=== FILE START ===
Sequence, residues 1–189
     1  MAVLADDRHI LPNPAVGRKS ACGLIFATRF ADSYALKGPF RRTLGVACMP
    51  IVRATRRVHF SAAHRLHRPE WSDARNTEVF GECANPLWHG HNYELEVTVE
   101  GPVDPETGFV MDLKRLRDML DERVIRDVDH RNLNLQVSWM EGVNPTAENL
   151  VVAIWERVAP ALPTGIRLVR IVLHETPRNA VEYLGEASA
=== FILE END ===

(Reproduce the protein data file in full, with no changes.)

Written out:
Sequence, residues 1–189
     1  MAVLADDRHI LPNPAVGRKS ACGLIFATRF ADSYALKGPF RRTLGVACMP
    51  IVRATRRVHF SAAHRLHRPE WSDARNTEVF GECANPLWHG HNYELEVTVE
   101  GPVDPETGFV MDLKRLRDML DERVIRDVDH RNLNLQVSWM EGVNPTAENL
   151  VVAIWERVAP ALPTGIRLVR IVLHETPRNA VEYLGEASA